3 Basic Branding Concepts For Small Businesses To Understand

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“What makes a good brand?” is a question that keeps marketers and business owners up at night. And given the strength of a brand can add millions to a company’s value, who can blame them?

Yet branding is not just for multinational businesses floating themselves on the stock market – any business of any size should be considering its brand.

Your brand is everything your business means to people – the set of qualities it evokes when someone hears its name. Every encounter people have with your business, from advertising to customer service, contributes to your brand in some way.

3 Basic Branding Concepts For Small Businesses To Understand

Clearly, a good brand is a vital asset, so what can you do to define and build yours?

1. Your Voice

Your business’s ‘voice’ is the fundamental way you speak to your customers: online, over the phone, on posters, letters and emails. Before you decide on your brand voice, you should decide which traits you both do and don’t want to embody. As a practical example, let’s say you’re a new online florist aimed at a younger audience. You might decide on a voice that is:

  • Enthusiastic
  • Conversational
  • Emotionally Invested

You might also decide that your voice is not:

  • Irreverent
  • Neutral
  • Formal

What you say, and much of how you say it, will, of course, vary depending on setting. Your tone will change to suit the format or scenario in which you’re speaking. But whatever the circumstance, you should always seek to express a settled combination of traits that define your business.

Here are two examples of brands who’ve really nailed their voice and the essential traits they communicate:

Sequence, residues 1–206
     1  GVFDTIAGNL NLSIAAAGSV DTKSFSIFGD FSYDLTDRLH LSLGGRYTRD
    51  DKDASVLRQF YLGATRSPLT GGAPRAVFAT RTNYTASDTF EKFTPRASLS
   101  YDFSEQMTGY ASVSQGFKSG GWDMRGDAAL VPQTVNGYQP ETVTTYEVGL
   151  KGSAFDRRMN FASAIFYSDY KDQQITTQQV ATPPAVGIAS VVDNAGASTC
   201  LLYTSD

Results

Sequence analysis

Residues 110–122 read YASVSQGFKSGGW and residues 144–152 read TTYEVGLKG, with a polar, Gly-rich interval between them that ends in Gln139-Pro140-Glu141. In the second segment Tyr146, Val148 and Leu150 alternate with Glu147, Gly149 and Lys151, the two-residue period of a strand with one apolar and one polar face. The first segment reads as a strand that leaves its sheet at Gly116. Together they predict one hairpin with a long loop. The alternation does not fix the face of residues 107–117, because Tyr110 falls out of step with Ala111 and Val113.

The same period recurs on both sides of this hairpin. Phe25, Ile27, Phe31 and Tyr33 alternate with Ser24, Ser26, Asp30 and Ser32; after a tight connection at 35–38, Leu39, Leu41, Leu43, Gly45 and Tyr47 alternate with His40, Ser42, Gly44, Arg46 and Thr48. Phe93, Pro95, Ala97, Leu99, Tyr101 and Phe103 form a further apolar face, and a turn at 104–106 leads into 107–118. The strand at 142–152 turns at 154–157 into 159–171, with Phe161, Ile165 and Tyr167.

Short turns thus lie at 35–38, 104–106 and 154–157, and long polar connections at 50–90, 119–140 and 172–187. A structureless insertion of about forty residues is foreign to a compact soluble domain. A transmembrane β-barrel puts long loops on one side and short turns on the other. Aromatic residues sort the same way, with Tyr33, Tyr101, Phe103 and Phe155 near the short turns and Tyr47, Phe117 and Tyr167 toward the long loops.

• Boots – a comforting, feeling-oriented voice that suits a company selling health and wellbeing
  • Ikea – their quirky, humorous use of language matches the efficient creativity of their product design, and stands out from other furniture brands, which are usually quite serious in tone

2. Your Visual Language

Branding works on people’s verbal and visual memories, so you should establish your own distinctive visual identity. Your business needs its own visual language – the set of rules and conventions for how your materials look.

A visual brand language will be applied consistently across everything you produce. It incorporates multiple elements, but its four fundamentals are:

  • Typography (fonts and typefaces)
  • Colour scheme
  • Logo
  • Imagery

Your choices can effect the way people see your business. For example, serif or ornate fonts convey a refined, serious identity, and dark colour palettes are often used by luxury brands. Conversely rounded fonts and lighter colours are often used by companies that want to come across as fun, friendly and approachable. Think about what you want to convey about yourself with these choices.

Some examples of brands with superb visual languages:

  • Apple – instantly recognisable logo, simple but iconic ads and modern typography.
  • Transport for London – iconic roundel logo that is repurposed for different lines, distinctive and consistent typography, informative ads across the public transport network.

3. Your company strapline

This is the phrase that appears beneath your logo – the words you want customers to think to themselves, involuntarily, as soon as your business comes to mind. For Apple, it’s ‘Think Different’, For Nike, it’s ‘Just Do It’. What’s your unmistakable call to attention going to be?

Your strapline needs to be brief, memorable and exude relevance as soon as its seen next to your logo. This isn’t easy, but here are two companies we think have excelled:

  • Tesco – ‘Every little helps’. The brevity and offbeat grammar is memorable feel instantly relevant to the company’s goals without over-egging anything.
  • Ronseal –‘Does exactly what it says on the tin’. This strapline manages to be both funny and serious, conveying no-nonsense utility and wry Britishness.

In the end, all these elements need to align with each other, and be used together consistently across all your communications.

As a practical example of how this could work, let’s imagine you’re running a properly-branded banner ad. Ideally, it will:

  • Feature your logo and strapline together, either at the top or bottom of the ad
  • Employ your brand’s colour scheme and typography, both of which will match your logo (and your Call To Action button)
  • Convey appropriate messaging written in your voice and tone
  • Link to a website that exhibits all of these brand conventions

Source:
JPIMedia Local, Yorkshire Post

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